Mayor's Office Puts Multi-Billion Dollar Energy Deal Up For Bid, Critics Call It 'Sweetheart Deal'
San Diego Mayor Kevin Faulconer’s office announced on Wednesday that the city would open up an auction for utilities to bid for a 20-year multi-billion-dollar energy franchise agreement with the city.
But, some energy advocates say the proposal is a “sweetheart deal” that leaves taxpayer interests behind.
On two separate occasions, city councilmembers could not agree on how to set the terms of the franchise deal. But Faulconer said he would go ahead with the bidding process. In a press release, the city is asking interested utilities to minimally bid $80 million for the multi-billion dollar contract.
That’s an increase from the previously proposed $62 million, but the agreement doesn’t include some provisions councilmembers and advocates asked for, said Matthew Vasilakis of the Climate Action Campaign.
“The poison pill in this agreement is the right to purchase clause," Vasilakis said. "That was our biggest accountability tool and now it’s gone. If this deal moves forward we will be trapped with SDG&E just like we are trapped with 101 Ast St.”
Vasilakis referred to the downtown skyscraper that the city purchased for millions of dollars. It was once owned by SDG&E parent company Sempra Energy. A franchise agreement for SDG&E that lasts 20 years and has no accountability clauses would be the same, he said.
“The mayor’s heading out of office and he’s crafted a sweetheart deal for his friends at SDG&E, a deal that puts SDG&E interests ahead of taxpayers.”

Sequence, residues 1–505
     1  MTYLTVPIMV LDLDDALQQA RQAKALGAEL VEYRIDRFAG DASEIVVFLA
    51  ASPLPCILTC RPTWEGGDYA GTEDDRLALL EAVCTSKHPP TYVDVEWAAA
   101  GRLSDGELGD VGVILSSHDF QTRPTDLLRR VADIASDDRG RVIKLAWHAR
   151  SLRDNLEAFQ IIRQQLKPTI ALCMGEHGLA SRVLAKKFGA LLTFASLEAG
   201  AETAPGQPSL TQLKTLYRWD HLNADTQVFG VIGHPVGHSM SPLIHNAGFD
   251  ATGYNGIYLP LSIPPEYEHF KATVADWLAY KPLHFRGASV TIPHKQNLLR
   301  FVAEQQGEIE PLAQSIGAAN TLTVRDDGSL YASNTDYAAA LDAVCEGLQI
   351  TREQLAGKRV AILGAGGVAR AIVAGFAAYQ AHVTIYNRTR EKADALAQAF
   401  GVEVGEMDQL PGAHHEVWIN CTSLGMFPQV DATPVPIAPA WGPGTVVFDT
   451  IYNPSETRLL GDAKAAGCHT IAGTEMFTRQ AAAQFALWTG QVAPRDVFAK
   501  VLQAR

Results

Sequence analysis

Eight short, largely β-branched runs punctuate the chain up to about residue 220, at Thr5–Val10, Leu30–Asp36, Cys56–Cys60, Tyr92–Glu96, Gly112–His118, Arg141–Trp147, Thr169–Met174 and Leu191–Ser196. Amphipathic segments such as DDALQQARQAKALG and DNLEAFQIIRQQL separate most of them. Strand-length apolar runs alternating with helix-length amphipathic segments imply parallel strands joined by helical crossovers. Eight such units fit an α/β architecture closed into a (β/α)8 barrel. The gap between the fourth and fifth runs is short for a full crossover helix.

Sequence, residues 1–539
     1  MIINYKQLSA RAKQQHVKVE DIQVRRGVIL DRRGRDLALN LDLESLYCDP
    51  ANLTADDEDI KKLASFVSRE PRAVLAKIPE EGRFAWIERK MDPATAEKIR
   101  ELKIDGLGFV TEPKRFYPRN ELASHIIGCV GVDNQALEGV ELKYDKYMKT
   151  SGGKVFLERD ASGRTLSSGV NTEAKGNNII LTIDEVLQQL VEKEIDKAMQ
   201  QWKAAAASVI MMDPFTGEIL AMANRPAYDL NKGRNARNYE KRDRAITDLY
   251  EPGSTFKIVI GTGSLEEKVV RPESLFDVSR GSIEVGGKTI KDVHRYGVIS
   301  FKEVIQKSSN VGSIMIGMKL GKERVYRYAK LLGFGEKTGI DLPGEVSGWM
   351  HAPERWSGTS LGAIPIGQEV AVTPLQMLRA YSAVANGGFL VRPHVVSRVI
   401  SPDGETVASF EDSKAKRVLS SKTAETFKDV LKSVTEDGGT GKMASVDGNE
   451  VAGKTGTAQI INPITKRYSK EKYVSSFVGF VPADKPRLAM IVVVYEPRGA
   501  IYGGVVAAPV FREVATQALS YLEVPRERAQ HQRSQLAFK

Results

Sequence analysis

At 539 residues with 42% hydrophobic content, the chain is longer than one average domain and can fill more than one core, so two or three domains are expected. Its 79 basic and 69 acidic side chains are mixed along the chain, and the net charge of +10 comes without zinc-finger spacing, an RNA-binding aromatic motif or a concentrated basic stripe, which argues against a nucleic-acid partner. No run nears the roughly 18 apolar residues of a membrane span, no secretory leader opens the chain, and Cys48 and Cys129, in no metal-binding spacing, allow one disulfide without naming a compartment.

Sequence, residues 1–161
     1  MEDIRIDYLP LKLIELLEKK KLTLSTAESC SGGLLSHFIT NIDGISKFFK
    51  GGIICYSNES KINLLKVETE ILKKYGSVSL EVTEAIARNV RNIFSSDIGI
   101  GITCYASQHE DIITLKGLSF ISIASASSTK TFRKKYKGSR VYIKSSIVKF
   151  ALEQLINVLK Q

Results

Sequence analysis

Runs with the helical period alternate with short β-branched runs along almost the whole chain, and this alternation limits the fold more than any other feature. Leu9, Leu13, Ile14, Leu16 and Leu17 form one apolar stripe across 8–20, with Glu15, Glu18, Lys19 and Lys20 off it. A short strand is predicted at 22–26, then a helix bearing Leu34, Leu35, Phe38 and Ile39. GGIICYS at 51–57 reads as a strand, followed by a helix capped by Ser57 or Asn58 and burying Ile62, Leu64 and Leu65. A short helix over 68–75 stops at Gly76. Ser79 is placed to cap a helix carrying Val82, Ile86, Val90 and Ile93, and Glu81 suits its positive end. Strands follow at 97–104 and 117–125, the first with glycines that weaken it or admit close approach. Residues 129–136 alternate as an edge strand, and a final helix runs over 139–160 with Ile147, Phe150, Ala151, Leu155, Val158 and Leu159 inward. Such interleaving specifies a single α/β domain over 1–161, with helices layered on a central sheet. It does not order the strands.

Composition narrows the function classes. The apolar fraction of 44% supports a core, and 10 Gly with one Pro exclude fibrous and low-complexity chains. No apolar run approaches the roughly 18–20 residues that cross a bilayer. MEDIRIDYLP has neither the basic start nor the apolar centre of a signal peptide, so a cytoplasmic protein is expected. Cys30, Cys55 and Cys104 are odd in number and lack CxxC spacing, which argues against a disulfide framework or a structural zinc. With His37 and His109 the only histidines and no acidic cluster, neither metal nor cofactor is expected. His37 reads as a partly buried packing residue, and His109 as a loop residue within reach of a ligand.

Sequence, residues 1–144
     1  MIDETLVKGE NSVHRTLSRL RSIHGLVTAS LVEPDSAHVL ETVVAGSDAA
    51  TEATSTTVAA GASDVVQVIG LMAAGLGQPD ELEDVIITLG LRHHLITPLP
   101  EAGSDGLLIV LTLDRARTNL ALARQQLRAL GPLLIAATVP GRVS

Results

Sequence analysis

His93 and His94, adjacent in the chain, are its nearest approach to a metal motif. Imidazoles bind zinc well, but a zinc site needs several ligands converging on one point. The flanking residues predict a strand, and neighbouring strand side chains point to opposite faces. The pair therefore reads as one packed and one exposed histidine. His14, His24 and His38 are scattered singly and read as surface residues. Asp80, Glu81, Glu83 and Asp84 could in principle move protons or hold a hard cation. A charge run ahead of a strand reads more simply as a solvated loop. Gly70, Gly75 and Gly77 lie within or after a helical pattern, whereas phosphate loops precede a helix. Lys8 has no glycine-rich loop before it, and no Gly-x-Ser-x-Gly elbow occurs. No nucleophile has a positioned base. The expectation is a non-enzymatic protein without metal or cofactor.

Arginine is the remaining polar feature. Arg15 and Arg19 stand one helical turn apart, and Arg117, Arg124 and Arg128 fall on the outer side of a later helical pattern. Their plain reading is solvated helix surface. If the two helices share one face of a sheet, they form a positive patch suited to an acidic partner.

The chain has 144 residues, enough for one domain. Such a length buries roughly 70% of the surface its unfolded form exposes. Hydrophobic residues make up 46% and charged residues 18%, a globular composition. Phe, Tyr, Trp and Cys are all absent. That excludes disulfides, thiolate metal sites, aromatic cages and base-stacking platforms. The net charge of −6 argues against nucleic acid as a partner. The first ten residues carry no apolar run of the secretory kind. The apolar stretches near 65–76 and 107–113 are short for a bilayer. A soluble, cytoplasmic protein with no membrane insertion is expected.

But the Strategic Energy Initiatives Manager Lee Friedman said the city could still take over SDG&E’s infrastructure if it wants to under law, even though the provision isn’t in the deal.
“The city doesn’t have to wait for a material breach of the franchise, it doesn’t have to wait until there’s a cause for forfeiture ... Under the law the city has the opportunity at any time to start the municipalization process,” he said.
But Cody Petterson of the San Diego County Democrats for Environmental Action, says the right to take over isn’t the problem. The issue is how to value the utility’s assets.
“For the community at large, the big red flags are the lack of what the city’s consultant recommended, which is an independent panel to value SDG&E’s assets. And there’s no obligatory equity fund that would invest some profits back into the community,” he said.
On the matter of the equity fund, a spokeswoman for the Mayor's office says the equity fund is something the city council would have to vote to establish. That can't be established through the franchise agreement, she said.
Utilities can enter into years, often decades, of litigation with cities that would like to municipalize by fighting over how to value its assets in court. That can delay the public power process.
City officials allege incumbent utility SDG&E has violated the current franchise agreement. But those incidents never triggered a municipalization effort. When asked about that, Deputy Chief Operating Officer Erik Caldwell says the proposal presented will hold the winning utility much more accountable than in the past.
“The franchise agreement that’s proposed has infinitely more enforcement capabilities than the existing franchise agreement. The old franchise agreement did not have an audit provision, we now have one proposed that would have a public facing audit every 2 years,” Caldwell said.
Still, some community members, like Vasilakis, say those audits will not have any teeth and that they will try to block any agreement with a bidding utility when it comes up for a vote at city council.
As for SDG&E, a spokeswoman wrote in an email to KPBS that, "We are reviewing the invitation to bid, and we look forward to responding when we have completed our analysis of the contents.”